Pakistan faces potentially massive, country-wide droughts by 2025, but government funds might not be available to cover the research needed to avoid the crisis, according to recent news reports.
The Nation reports that Pakistan had crossed the “water stress line” in 1990 before crossing the “water scarcity line” in 2005, according to The Pakistan Council of Research in Water Resources.
Pakistan’s water supply is nearing absolute scarcity due to its arid climate and lower than average amounts of rainfall combined with higher levels of heated solar radiation.
Pakistan uses less water than only three other countries in the world, according to The Express Tribune, which is a distinction made more important by the fact that they are largely dependent on a single water source—the Indus River basin.
Scientists claim climate change has gradually decreased rainfall in Pakistan, while other experts say the country’s population growth and increasing urbanization are the primary causes of increased water usage and therefore eventual water scarcity.
While recent reports and experts are drawing more attention to Pakistan’s water crisis due to newer findings, warnings of this crisis have been present for years.
More than a million people suffered from starvation in 2014 after a very dry winter in Pakistan’s southern Sindh province, according to BBC News, with more than 100 children dying each month in the desert region of Thar.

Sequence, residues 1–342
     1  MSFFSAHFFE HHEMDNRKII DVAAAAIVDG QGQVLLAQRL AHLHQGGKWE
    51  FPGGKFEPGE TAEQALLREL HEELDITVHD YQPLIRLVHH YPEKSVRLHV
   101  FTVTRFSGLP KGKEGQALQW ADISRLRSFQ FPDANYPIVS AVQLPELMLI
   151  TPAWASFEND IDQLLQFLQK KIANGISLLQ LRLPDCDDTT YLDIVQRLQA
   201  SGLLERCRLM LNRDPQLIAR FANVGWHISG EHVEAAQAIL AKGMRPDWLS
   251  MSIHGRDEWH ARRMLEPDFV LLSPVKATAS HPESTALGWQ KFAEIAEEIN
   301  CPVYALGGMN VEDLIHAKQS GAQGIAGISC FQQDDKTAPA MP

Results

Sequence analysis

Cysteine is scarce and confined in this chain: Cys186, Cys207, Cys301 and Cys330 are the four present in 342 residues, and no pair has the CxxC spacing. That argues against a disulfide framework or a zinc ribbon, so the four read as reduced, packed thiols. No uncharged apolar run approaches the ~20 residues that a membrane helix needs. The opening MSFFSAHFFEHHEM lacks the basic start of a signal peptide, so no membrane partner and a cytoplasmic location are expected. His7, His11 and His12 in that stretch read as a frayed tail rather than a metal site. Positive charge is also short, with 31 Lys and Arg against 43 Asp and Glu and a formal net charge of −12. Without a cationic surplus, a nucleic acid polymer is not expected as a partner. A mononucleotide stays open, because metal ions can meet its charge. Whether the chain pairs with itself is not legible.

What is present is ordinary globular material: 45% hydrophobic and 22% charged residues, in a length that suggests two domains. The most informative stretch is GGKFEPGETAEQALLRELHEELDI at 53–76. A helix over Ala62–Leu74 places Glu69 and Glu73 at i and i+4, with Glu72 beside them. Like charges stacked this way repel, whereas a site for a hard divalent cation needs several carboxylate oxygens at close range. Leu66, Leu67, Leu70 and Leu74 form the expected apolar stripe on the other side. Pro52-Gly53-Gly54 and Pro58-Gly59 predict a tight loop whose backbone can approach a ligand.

The government was accused of not doing enough to prevent the starvation deaths. More recently, former chairman of the Water and Power Development Authority Shamsul Mulk said Pakistan policymakers don’t enforce any kind of water policies. He added, more specifically, that those in charge might as well be “absentee landlords” over water.
“Because of this absentee landlordism, water has become the property of the landlords and the poor are deprived of their share,” Mulk said in The Express News report.
Energy sector worker Irfan Choudhry told The Independent that the country lacks any proper water storage facilities.
“Pakistan hasn’t built new dams since the 1960s,” Choudhry said. “What we see is political bickering over the issue. The authorities need to act now. We can store water for only 30 days, and it is worrisome.”
Some politicians claim “massive corruption” in the water sector as water’s scarcity transforms it into a profitable resource, according to The Independent.
Climate Change Minister Senator Mushahidullah Khan recently told The Express Tribune that increasing desertification has resulted in the loss of much of Pakistan’s fertile land, further contributing to the water crisis. Mushahidullah also suggested some plans for restoration of this fertile land, including rainwater harvesting and more effective monitoring systems.